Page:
December 8, 2017
Capitol Update

In this issue:


Manufacturing USA has released it 2016 Annual Report to Congress, which provides an analysis of the program’s success in supporting technology transfers in the U.S.

The advances made in each of the nine Manufacturing USA Institutes that were active in fiscal year 2016 have made it possible to move advanced discoveries at the nation’s universities and research laboratories to the shop floor here in the U.S. The Annual Report shows how the Institutes support U.S. global leadership in advanced manufacturing, not only by developing game-changing technology, but also by cultivating a skilled workforce that is sorely needed for the U.S. to truly take advantage of innovations that will lead to increased economic opportunity and high-paying jobs in America.

While the U.S. has had a strong history of manufacturing goods and selling them worldwide, it is widely recognized that the manufacturing jobs of the past will not be able to sustain today’s advanced, technical society or meet the needs of future generations. Now, however, with the Manufacturing USA program established and growing, the U.S. has the opportunity to ensure economic growth and employ millions of Americans in skilled manufacturing jobs that serve as an entry point for many into the middle-class. Manufacturing plays an oversized role in the U.S. economy as it has a high economic multiplier effect; each advanced manufacturing employee supports an estimated 16 jobs in other sectors of the economy.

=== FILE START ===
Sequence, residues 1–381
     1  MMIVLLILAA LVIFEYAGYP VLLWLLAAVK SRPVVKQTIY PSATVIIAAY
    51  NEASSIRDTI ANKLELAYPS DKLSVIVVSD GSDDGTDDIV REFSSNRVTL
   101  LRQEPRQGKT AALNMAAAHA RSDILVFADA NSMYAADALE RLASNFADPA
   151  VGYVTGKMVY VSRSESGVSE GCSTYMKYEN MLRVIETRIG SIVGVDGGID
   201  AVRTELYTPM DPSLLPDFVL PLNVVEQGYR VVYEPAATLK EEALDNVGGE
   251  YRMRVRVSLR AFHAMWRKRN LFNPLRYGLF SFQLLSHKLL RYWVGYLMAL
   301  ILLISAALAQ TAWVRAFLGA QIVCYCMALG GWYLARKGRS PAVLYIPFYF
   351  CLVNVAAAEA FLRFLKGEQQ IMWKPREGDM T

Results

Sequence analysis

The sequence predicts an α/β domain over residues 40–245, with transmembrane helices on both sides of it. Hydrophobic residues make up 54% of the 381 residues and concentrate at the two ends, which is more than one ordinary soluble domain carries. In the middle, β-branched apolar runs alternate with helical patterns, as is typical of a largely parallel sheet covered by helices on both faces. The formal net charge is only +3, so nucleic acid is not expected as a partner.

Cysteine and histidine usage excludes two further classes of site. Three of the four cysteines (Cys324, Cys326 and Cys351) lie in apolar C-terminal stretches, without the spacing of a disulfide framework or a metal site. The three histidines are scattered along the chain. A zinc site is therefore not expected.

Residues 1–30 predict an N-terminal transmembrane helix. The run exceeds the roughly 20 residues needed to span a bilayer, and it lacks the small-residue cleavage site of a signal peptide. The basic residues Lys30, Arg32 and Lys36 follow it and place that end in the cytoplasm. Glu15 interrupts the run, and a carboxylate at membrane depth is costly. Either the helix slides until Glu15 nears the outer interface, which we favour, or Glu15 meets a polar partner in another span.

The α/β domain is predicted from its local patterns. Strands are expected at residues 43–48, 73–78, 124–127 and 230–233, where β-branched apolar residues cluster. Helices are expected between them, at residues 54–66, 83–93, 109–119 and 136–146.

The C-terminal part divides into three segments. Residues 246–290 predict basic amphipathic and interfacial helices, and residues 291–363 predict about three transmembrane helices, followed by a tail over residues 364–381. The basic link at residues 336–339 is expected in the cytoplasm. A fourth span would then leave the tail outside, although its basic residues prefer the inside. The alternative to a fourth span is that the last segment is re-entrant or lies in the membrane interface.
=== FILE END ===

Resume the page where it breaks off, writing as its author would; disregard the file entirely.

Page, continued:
Throughout the 20th century, the U.S. manufacturing sector has driven knowledge production and innovation by enabling the transition of research into products that are used throughout the world. However, with the transition from traditional manufacturing into advanced, technical manufacturing, our country’s historic leadership in the sector is at risk. The Manufacturing USA program, which if continued and scaled properly to meet the growing needs of the country, will counter the threat we face and ensure America’s economic prowess and role in the global manufacturing market well into the future.

As stated in the report, “The Manufacturing USA network progressed tremendously in Fiscal Year (FY) 2016, meeting its mission of increasing U.S. competitiveness through innovations in manufacturing technology and workforce development.”

To find out more on how the program is achieving success, please download the Manufacturing USA 2016 report to Congress at this link:


According to a new report from the Information Technology and Innovation Foundation (ITIF), technology-based start-ups are an important driver of America’s economic growth and competitiveness. The report released last week examined data on more than 5 million firms in 10 technology-based industries from 2007 to 2016 and found that the number of technology-based start-ups have increased by 47 percent in the last decade, providing outsized contributions as compared to their non-tech counterparts in the areas of employment, innovation, exports, and productivity growth.